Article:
Brian May says John Deacon is still “very much part of Queen”

Legendary Queen guitarist Brian May has said that their former bassist John Deacon is still “very much part of” the band.

Deacon joined Queen in 1971 and contributed to all of the band’s albums. The bassist departed the music industry in 1997 after recording the Queen single ‘No-One but You (Only the Good Die Young)’. He did not take any part in any of the new iterations of Queen following Freddie Mercury‘s passing.

In an interview with The Guardian, May answered a series of questions put to him by fans. One asked if he had any “inkling” that Deacon would exit Queen for good, and why he thought the reclusive bassist walked away.

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The guitarist replied: “All I can say is that, historically, John was quite sensitive to stress. We all found it hard, losing Freddie (Mercury), but I think John particularly struggled.”

He continued: “We did do a couple of things together, in 1996: the recording of ‘No One But You’ – the song I wrote about Freddie when we were putting up the statue to commemorate him in Montreux (Switzerland) – and one show in Paris.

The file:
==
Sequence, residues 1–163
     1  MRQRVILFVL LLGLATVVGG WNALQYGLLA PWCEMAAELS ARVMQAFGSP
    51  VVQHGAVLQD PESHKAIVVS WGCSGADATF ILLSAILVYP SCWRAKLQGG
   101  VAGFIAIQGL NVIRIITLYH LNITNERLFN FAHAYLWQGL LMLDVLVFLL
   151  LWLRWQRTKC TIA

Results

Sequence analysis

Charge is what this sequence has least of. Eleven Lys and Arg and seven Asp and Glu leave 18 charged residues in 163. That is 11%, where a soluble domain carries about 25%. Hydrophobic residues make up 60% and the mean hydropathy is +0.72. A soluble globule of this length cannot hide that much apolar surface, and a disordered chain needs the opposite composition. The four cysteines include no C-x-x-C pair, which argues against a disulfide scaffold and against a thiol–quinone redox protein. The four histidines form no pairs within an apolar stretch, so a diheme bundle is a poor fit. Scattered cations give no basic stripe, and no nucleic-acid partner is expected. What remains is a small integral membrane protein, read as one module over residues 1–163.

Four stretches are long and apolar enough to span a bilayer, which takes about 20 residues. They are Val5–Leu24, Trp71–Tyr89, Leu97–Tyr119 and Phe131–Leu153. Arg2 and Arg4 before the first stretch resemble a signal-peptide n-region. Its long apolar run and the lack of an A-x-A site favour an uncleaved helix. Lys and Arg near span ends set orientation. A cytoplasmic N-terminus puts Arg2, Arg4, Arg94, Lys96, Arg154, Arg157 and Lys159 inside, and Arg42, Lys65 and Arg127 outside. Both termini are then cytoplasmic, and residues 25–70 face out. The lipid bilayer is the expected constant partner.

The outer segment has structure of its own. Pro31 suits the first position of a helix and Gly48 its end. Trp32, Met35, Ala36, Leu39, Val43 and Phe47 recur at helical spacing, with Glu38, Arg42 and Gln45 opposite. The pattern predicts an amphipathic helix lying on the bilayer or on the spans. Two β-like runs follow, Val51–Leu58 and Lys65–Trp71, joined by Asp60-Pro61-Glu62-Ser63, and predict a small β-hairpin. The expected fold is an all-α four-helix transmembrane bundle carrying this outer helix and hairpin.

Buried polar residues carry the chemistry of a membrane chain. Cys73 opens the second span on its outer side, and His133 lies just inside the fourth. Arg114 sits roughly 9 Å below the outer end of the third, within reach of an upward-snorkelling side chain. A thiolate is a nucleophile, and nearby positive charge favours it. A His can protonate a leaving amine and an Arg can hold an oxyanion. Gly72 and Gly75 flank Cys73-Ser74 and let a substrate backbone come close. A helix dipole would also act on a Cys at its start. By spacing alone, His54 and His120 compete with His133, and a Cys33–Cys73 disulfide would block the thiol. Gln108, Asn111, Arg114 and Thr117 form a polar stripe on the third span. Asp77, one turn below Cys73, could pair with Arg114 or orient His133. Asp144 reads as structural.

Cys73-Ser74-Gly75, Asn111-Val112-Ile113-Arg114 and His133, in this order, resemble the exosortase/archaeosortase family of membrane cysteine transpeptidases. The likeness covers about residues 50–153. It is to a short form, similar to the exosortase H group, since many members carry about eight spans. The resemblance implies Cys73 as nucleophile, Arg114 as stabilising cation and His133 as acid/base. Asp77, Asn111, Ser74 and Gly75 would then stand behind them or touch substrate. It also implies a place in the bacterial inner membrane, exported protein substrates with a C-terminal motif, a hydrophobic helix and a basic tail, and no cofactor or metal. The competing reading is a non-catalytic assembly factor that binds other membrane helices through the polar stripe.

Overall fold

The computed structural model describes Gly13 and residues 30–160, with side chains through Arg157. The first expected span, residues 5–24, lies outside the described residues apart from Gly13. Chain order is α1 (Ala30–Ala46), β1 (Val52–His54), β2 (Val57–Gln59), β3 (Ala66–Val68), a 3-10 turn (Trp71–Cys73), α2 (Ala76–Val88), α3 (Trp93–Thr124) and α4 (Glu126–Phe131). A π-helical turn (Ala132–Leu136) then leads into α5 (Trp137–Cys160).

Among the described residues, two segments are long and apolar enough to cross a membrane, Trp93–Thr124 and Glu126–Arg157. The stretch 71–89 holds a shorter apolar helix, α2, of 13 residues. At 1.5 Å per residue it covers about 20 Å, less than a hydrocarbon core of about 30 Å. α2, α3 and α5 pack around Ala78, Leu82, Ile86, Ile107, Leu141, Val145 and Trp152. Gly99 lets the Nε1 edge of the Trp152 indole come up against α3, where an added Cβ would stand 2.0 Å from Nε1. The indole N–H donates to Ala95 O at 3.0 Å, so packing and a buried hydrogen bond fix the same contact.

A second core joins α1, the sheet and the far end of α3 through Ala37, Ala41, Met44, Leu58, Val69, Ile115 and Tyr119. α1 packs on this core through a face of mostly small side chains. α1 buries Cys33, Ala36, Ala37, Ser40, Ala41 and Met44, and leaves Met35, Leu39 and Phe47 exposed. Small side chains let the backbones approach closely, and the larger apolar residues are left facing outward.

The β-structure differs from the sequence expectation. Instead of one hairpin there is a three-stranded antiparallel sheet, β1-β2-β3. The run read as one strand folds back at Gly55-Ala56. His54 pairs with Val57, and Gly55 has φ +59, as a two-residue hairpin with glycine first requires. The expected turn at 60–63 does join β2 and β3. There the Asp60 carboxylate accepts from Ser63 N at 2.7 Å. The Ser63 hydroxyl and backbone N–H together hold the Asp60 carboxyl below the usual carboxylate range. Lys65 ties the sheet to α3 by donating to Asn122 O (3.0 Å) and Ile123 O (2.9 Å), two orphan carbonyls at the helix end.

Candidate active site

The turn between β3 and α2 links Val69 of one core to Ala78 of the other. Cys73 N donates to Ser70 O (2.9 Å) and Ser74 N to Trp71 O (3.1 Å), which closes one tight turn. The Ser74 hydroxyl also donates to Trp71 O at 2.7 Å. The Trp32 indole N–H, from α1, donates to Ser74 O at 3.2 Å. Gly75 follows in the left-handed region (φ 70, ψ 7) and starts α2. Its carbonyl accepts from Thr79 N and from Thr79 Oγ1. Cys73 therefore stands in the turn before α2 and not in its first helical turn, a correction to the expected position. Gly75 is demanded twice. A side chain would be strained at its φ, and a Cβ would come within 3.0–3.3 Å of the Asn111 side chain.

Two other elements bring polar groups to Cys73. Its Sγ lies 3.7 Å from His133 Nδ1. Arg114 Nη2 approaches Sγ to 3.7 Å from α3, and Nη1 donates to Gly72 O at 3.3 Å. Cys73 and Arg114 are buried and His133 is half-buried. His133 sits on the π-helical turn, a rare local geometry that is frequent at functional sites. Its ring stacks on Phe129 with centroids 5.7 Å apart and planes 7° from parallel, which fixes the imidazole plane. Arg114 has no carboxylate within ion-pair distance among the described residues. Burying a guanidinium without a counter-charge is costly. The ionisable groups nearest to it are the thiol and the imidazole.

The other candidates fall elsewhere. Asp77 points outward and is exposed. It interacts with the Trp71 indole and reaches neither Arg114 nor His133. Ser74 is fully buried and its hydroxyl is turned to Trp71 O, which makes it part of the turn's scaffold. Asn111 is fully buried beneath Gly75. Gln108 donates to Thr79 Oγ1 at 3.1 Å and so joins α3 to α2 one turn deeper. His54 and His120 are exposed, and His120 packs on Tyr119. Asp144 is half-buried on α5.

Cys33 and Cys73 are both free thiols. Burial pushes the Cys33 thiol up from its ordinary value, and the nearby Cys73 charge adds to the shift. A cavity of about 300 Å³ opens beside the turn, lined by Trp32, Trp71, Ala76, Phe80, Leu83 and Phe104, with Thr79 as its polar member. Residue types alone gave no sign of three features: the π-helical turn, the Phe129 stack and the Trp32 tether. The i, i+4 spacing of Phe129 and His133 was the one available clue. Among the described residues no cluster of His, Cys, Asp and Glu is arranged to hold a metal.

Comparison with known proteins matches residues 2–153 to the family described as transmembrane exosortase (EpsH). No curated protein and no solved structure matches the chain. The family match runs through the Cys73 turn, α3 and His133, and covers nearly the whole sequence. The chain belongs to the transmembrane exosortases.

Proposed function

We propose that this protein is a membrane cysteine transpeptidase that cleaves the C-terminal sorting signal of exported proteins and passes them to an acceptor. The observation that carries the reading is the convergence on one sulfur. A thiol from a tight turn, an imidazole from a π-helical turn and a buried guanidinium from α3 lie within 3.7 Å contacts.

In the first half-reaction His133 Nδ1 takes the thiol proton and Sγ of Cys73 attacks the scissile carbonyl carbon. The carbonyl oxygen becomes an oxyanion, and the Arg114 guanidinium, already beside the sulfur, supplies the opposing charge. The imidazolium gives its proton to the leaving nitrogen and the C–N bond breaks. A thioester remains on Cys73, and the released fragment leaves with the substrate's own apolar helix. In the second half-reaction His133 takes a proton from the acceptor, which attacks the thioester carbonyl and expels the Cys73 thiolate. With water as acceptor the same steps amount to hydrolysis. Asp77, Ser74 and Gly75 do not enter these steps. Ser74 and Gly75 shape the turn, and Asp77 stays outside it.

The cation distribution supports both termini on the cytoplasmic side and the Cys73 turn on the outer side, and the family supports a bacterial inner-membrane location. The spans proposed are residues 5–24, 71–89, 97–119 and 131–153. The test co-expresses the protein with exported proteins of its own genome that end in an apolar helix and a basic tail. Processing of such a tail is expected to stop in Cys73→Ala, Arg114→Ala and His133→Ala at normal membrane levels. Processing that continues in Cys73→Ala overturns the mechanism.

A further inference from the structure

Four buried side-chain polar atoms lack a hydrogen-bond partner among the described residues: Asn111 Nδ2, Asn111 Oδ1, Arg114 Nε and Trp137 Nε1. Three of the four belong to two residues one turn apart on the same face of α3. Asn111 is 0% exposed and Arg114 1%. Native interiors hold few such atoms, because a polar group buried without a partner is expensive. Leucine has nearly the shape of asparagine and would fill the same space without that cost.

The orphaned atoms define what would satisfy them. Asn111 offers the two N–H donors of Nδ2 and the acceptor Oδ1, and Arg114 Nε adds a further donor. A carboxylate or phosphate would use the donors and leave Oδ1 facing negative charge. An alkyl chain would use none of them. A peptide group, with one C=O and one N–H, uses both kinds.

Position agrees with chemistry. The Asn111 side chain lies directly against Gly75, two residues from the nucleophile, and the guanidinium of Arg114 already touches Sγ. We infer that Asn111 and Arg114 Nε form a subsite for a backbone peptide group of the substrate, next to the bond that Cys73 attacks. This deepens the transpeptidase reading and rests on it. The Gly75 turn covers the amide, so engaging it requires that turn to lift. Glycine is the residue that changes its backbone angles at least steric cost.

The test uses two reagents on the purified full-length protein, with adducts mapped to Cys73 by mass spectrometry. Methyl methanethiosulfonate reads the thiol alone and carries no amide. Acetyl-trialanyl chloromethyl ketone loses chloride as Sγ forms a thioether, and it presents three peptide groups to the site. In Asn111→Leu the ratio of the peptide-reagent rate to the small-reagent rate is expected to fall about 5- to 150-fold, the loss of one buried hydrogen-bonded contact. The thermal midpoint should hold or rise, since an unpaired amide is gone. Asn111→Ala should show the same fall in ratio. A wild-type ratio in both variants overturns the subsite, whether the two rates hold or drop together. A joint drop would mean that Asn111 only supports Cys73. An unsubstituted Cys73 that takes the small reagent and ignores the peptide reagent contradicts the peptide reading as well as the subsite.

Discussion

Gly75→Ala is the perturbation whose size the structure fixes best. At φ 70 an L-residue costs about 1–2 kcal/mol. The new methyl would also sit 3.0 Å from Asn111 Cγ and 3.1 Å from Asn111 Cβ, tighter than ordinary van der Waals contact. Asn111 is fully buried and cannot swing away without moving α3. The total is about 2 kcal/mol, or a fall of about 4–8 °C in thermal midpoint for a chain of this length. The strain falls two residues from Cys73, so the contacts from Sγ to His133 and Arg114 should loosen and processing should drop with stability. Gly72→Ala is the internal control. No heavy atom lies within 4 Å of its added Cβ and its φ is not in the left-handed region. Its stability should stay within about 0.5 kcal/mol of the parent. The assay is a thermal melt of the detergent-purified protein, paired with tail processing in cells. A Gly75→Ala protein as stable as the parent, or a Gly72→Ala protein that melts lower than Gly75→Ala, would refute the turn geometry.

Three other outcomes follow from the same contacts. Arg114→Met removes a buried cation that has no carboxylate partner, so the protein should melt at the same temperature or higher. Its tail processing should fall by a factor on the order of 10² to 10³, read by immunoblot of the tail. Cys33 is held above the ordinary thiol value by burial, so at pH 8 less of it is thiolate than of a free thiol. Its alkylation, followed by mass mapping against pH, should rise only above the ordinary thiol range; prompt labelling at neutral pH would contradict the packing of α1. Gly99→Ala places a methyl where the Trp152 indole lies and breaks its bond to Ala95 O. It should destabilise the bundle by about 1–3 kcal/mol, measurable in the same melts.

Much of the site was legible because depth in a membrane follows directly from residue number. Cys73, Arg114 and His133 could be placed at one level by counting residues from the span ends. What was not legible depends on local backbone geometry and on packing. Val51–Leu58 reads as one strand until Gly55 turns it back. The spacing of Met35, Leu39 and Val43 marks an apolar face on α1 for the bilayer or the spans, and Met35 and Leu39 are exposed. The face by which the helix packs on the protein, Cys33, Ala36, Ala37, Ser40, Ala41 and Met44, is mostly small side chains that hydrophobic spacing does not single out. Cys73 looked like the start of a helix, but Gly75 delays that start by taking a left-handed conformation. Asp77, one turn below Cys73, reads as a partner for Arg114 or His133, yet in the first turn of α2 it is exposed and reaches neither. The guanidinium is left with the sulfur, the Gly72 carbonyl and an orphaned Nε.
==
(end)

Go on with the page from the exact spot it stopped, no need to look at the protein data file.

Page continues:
Queen perform in concert with Freddie Mercury wearing black leotard at the Forum on December 22, 1977 in Inglewood, California. Credit: Richard Creamer/Michael Ochs Archives/Getty Images
Queen perform in concert with Freddie Mercury wearing black leotard at the Forum on December 22, 1977 in Inglewood, California. Credit: Richard Creamer/Michael Ochs Archives/Getty Images

“It was to open the ballet season with an amazing new work by Maurice Béjart, about Mozart and Queen. We played with John on bass, and Elton John sang with us.

“At that moment, John just looked at us and said, ‘I can’t do this any more’. We knew that he at least needed a break, but as it turned out he never came back.”

Explaining how Deacon is still involved in Queen, May added: “I don’t think that I can go into much more detail – we have to respect the fact that John needs his privacy now – but he’s still part of the machinery of the band.

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“If we have any major decision, business wise, it’s always run past John. It doesn’t mean he talks to us – generally he doesn’t – but he will communicate in some way. He’s still very much part of Queen.”

In other news, May has said that it’s “not impossible” that the band could discuss playing Glastonbury Festival.

In a new interview with The Guardian, May was asked once again about Glastonbury and whether he and Eavis could settle their differences.

“You can never say never, but it’s a very big matter of principle to me. I am convinced, more than ever, that the badger cull is the greatest crime this country has ever committed against wildlife. It’s completely pointless and the tragedy is immense: you’re talking about nearly half a million native animals killed and it’s not benefited farmers one bit.”

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